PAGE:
Written by: FFT Webmaster | March 14th, 2012
Dubbed the enfant terrible of Polish cinema, Andrzej Zulawski is one of the most controversial and polarizing filmmakers in the world. His work is not as well known in the United States as that of Kieslowski, Polanski, Holland and other Polish auteurs. Well, the BAMcinématek, the arthouse treasure at the Brooklyn Academy of Music in New York City’s coolest borough, is currently presenting the first US retrospective of the uncompromising auteur’s complete work.
Zulawski worked both in his native Poland and in France, where he lived for many years while encountering resistance from the Polish authorities to make his unique and underlying subversive cinema. In the 1970s and 1980s, the Polish-born filmmaker became a box office phenomenon in France with a series of sexually erotic and morally provocative films that features some of the biggest stars of French cinema. The films were barely seen outside of Europe, although they did develop a cult following in the United States because of their explicit nudity and eroticism.
In the retrospective program, these qualities are revealed in such films as L’IMPORTANT C’EST D’AIMER (1975), a film that earned actress Romy Schneider as Cesar Award as Best Actress for her role as a soft-core porn actress; POSSESSION (1981), one of the early hits for iconic French actress Isabelle Adjani, who won the Cannes Film Festival award for Best Actress for her portrait of a married woman with a love on the side; and LA FEMME PUBLIQUE (1984) with Valerie Kaprisky starring as an actress involved in a sado-masochistic relationship with her manipulative director.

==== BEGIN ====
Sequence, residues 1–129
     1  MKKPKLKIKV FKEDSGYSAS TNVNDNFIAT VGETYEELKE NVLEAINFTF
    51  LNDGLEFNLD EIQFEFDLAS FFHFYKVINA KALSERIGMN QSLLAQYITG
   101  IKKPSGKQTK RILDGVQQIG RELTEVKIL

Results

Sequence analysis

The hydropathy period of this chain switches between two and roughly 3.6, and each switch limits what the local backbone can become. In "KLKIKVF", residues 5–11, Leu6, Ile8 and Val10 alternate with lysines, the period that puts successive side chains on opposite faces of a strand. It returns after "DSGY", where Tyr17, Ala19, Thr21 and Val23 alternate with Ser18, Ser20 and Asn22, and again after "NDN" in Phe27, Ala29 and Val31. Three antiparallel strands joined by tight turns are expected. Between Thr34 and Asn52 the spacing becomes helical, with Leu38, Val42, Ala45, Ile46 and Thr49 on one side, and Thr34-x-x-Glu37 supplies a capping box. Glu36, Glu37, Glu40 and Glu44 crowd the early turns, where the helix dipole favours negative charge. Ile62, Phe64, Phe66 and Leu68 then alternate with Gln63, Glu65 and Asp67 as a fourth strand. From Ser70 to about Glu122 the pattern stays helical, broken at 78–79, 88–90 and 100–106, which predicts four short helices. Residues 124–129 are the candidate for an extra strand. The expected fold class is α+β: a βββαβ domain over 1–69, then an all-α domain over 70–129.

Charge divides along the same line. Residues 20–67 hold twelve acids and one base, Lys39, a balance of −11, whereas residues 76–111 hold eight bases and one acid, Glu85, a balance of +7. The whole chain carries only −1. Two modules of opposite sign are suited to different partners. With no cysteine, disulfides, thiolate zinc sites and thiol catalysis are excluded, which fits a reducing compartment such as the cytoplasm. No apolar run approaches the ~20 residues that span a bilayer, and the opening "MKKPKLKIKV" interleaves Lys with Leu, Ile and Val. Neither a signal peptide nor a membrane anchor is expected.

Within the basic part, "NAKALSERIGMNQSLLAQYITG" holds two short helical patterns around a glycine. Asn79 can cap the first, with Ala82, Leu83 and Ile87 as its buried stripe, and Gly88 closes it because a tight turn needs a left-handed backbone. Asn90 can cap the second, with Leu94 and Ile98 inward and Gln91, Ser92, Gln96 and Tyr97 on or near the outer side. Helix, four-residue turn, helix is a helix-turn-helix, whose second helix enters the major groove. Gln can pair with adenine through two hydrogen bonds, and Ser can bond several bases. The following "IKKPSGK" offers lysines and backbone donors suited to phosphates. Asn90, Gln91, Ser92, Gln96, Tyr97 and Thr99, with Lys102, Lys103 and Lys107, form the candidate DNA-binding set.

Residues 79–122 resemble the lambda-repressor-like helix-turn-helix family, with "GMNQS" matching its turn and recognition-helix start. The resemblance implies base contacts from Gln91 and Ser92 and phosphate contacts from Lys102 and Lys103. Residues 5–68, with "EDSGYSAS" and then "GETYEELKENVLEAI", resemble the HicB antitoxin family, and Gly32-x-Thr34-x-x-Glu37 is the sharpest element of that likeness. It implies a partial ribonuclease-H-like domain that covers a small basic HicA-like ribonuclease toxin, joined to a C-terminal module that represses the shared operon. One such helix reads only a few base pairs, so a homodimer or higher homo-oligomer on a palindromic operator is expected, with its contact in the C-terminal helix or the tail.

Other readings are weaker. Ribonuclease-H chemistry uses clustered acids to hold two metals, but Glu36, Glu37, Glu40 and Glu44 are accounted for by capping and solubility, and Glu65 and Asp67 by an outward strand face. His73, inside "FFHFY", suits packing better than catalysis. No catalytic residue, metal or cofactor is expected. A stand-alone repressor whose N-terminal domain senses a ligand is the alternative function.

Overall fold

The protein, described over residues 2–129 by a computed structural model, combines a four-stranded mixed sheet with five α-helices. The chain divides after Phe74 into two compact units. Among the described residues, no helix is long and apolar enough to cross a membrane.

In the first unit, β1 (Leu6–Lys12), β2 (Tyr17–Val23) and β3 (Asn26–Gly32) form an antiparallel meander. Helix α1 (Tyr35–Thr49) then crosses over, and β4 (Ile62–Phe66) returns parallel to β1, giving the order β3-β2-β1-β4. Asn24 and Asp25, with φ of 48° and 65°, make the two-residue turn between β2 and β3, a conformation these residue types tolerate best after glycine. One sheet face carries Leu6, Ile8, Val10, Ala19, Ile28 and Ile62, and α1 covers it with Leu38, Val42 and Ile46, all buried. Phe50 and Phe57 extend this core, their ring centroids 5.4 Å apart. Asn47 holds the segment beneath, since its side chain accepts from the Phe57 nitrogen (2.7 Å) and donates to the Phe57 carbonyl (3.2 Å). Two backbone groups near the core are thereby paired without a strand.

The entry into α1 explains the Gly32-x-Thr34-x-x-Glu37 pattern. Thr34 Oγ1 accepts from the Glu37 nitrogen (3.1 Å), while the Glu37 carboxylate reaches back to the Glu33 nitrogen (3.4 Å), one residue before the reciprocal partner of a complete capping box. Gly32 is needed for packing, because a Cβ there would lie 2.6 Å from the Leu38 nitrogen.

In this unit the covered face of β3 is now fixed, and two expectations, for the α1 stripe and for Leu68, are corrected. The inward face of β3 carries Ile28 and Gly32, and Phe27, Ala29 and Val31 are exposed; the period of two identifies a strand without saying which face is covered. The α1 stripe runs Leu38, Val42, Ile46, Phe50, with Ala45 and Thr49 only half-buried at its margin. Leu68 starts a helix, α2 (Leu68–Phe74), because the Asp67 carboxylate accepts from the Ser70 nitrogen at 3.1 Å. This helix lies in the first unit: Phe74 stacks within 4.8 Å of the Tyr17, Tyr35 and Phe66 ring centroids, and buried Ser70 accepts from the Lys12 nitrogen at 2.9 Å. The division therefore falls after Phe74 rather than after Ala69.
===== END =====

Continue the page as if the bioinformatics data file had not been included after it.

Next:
The series includes two rare, early shorts Zulawski directed for Polish television (PAVONCELLO and THE SONG OF TRIUMPHANT LOVE), along with a new 35mm print of his first feature, THE THIRD PART OF THE NIGHT. The series, which runs through March 20 and will tour the United States afterwards, is presented in partnership with the Polish Cultural Institute New York and the Cinefamily. Additional support comes from the Polish Film Institute, The Polish Film Archive, and Cultural Services of the French Embassy.